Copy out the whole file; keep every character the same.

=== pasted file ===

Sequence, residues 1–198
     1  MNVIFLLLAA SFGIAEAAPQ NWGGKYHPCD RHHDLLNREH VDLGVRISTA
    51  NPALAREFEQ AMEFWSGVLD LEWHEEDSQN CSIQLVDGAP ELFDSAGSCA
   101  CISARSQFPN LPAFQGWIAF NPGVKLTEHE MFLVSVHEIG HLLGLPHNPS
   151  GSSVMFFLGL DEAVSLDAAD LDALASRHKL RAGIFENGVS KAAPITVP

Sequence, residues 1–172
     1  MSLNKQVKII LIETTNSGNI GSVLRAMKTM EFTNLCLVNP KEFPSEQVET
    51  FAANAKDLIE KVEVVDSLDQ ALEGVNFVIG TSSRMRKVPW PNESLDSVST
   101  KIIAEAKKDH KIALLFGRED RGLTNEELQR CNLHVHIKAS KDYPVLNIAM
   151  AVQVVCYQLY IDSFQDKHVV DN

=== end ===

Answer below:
Sequence, residues 1–198
     1  MNVIFLLLAA SFGIAEAAPQ NWGGKYHPCD RHHDLLNREH VDLGVRISTA
    51  NPALAREFEQ AMEFWSGVLD LEWHEEDSQN CSIQLVDGAP ELFDSAGSCA
   101  CISARSQFPN LPAFQGWIAF NPGVKLTEHE MFLVSVHEIG HLLGLPHNPS
   151  GSSVMFFLGL DEAVSLDAAD LDALASRHKL RAGIFENGVS KAAPITVP

Sequence, residues 1–172
     1  MSLNKQVKII LIETTNSGNI GSVLRAMKTM EFTNLCLVNP KEFPSEQVET
    51  FAANAKDLIE KVEVVDSLDQ ALEGVNFVIG TSSRMRKVPW PNESLDSVST
   101  KIIAEAKKDH KIALLFGRED RGLTNEELQR CNLHVHIKAS KDYPVLNIAM
   151  AVQVVCYQLY IDSFQDKHVV DN